We’re in that weird space between last week’s election and next week’s day of Thanks. And in that middle space, we’ve all had to face some uncomfortable feelings about our nation, our communities, and even our friends and family–especially as we gear up for some potential awkwardness, discomfort, or downright hostility and fear around the turkey and stuffing. Many open letters have been written in the aftermath of this election as a way of dealing with these feelings, and many of them seem to be written toward daughters about their uncertain futures. One of the letters that stands out to me the most is Mira Jacob’s letter to her son.
In her letter, Jacob relates how being brown impacted her life in post-9/11 America and speculates as to how it will continue to impact her life–and the life of her half-brown little boy–in the wake of Trump’s win. In particular, she discusses a conversation she had with her 8-year-old prior to the election:
Your father’s parents are Republicans living in Florida. For years, this had led to the kind of dinner discussions we’ve all tried to avoid, with your father devolving into righteous incoherence as your grandmother cites Fox News references. But even though he falls far from the tree, your grandparents love your father dearly, and he loves them back. With you, they are gentle, funny, loving, and wise, which I think is maybe why you’ve been so confused as national events have played out. In the last few months, your questions have become particularly acute.
“Grandma and Grandpa are really voting for Trump?”
“Last I heard, yes.”
“But aren’t they scared that Trump is racist?”
“I don’t think they think of him that way.”
“So he’s not racist?”
“No, he is, but…I think they don’t really look at that part. They are voting for him for other reasons that make sense to them.”
“But won’t they be scared for us if he wins?”
“Your grandparents love you a lot.”
“But what if—”
And then in bed that night, just when I thought you’d conked out, “But can’t you just ask Grandma and Grandpa not to vote for Trump? Can’t you say, please, you live in Florida, do it for us?”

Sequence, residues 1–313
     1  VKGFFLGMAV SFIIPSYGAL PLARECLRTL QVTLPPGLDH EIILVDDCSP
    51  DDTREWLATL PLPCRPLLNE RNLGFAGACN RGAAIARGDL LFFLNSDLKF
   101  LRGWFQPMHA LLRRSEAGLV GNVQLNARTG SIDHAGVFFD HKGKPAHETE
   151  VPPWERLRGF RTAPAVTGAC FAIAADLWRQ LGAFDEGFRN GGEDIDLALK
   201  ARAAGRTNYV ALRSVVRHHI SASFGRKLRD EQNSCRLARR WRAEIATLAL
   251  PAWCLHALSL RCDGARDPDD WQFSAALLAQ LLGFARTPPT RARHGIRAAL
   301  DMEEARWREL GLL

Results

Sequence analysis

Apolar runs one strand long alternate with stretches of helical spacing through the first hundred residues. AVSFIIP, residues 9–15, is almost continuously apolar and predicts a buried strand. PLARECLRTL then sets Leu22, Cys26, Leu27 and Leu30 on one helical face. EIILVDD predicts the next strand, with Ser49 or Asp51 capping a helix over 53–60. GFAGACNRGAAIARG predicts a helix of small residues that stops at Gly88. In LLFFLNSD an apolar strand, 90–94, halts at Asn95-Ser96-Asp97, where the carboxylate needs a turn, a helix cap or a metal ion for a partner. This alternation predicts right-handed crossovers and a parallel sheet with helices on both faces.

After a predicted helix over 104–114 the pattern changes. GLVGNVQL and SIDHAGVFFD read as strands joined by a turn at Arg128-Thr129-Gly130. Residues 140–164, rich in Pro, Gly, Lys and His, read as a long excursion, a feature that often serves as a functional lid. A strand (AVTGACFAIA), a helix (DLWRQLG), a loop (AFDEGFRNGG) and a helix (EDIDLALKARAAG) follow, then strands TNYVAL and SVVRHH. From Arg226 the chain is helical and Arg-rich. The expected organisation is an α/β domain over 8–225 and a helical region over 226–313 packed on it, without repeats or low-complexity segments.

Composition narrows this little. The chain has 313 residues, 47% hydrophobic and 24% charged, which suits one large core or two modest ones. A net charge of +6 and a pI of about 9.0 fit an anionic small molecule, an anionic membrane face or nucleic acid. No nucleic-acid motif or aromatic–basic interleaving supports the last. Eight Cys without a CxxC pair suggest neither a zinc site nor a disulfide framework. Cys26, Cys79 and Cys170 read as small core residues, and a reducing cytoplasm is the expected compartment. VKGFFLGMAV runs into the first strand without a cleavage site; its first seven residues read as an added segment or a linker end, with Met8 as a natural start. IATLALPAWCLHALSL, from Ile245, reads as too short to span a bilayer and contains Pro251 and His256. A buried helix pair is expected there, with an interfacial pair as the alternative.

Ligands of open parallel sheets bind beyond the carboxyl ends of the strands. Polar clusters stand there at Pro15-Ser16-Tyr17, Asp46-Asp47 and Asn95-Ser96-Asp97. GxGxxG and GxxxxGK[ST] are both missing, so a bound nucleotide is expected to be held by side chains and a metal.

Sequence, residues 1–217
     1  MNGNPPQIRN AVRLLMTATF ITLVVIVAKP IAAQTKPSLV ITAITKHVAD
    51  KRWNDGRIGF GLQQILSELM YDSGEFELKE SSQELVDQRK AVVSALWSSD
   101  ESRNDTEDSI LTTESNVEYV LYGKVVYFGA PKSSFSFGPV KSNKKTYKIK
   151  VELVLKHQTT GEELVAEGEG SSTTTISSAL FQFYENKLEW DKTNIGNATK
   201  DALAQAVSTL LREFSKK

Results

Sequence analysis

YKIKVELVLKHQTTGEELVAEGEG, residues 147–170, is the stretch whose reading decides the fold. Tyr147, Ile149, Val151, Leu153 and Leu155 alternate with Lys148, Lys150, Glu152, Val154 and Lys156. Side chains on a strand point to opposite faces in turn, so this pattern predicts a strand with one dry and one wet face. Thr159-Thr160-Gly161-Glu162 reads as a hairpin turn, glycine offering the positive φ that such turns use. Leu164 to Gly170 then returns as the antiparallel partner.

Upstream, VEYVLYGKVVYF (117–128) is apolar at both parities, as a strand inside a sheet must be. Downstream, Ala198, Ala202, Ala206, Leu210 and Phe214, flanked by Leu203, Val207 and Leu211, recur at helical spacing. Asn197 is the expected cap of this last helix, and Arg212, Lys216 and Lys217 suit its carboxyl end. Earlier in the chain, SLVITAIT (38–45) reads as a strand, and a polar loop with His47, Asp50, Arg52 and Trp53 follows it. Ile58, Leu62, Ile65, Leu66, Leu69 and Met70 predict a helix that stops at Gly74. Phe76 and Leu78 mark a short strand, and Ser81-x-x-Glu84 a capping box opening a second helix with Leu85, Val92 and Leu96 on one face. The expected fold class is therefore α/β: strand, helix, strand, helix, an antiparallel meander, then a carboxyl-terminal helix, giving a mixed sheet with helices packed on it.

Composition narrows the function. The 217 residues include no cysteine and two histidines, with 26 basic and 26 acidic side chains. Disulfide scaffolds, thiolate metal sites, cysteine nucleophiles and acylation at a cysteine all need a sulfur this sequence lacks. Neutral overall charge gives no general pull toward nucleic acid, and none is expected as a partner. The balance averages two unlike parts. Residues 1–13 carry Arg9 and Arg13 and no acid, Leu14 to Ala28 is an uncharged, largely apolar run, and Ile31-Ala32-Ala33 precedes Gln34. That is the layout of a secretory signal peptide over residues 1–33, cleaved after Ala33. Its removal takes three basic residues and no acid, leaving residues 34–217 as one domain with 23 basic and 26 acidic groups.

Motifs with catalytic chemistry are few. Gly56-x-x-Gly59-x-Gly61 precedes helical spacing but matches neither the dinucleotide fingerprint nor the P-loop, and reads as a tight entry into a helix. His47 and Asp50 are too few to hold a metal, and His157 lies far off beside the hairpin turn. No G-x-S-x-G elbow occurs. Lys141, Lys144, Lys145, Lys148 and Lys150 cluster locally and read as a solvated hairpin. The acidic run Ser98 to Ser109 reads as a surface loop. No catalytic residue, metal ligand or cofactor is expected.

I said no quickly and firmly and we had to read a whole other book just to get you to go to sleep. But that night, when you were sleeping, I typed up an email. Dear Mom and Dad, I wrote. I made the best case I could. Please, I wrote, for us. I cried as I wrote it. I read it three times to make sure it was the absolute best letter I was capable of writing. Then I deleted it because the only thing worse than having to beg them to imagine our lives would be hearing them say no.
As a Floridian person of color and new mom to a biracial little boy, I faced the same dilemma as Jacob over and over again.
It happened when I read my sister-in-law’s proud declaration on Facebook that her family was a Trump family.
It happened when my grandfather-in-law pointed at the TV during a news segment about the election and said, “I’ve got to vote for Trump. At least He will give us something new.”
It happened when my grandmother-in-law showed up at my doorstep for Sunday dinner wearing Trump’s face on a button affixed to her blouse.
Their rampant support made me queasy. My little boy and I–did we not matter?
In each of these instances, I opened my mouth to make my own Please, for us appeal, but the words never came out. To my sister-in-law’s post, I only replied with a single sad-face emoji. To my grandfather-in-law’s comment, I said nothing at all. And instead of telling my grandmother-in-law, “Take that button off before you come inside; it isn’t welcome here,” I allowed her inside, let her hold my son, and used the opportunity to gently remove the offensive item under the pretense of ensuring it didn’t accidentally prick the baby. (I never gave the button back.)
In each of these instances I didn’t raise hell like the bra-burning feminist I like to think I am. I know my in-laws are genuinely good people (as are many of the people that voted for Trump). I also know I wasn’t going to change their votes (or their minds) with a single-sided impassioned speech. Creating genuine, lasting change requires a different, more long-term approach.
We need to take the time to understand each other. We need to have reasonable conversations where both sides speak and both sides listen–and the best place to start is closest to home. Face to face. Under mutual agreement to be civil. It’s not easy, but it’s worth it.
My former intern, Caitlin McGill, said it best when she discussed the “scary, awkward, hopeful conversation” with her dad about why he voted for Trump:
After my conversation with my father, I realized that my own bubble might have prevented me from understanding other parts of the country, just as their bubbles might have stopped them from understanding me. I still strongly disagree with my father and Trump voters, but our conversation revealed, among many implicit biases, the danger of these so-called “coastal” and “rural” bubbles and the power and necessity of open dialogue. Sometimes those dialogues are hardest when they include the ones we love, but not engaging in them is a problematic exercise of privilege.
So next Thursday, if you find yourself feeling uncomfortable around the Thanksgiving table, I challenge you to do more than just wear a safety pin. Take action. Start the long-term approach. If it is safe to do so–even if it is scary–engage in thoughtful discussion. You may need to listen more than you speak–but also be sure to speak and be heard. Talk to your family and friends about how to be allies to marginalized communities. A short, 10-minute conversation can go a long way. If you’re not sure where to start, this open letter can give you some ideas for your approach.
And–most importantly–make sure your approach transcends the weekend. Do a little every day–it all adds up.
This is how we change the world. One day–and one person–at a time.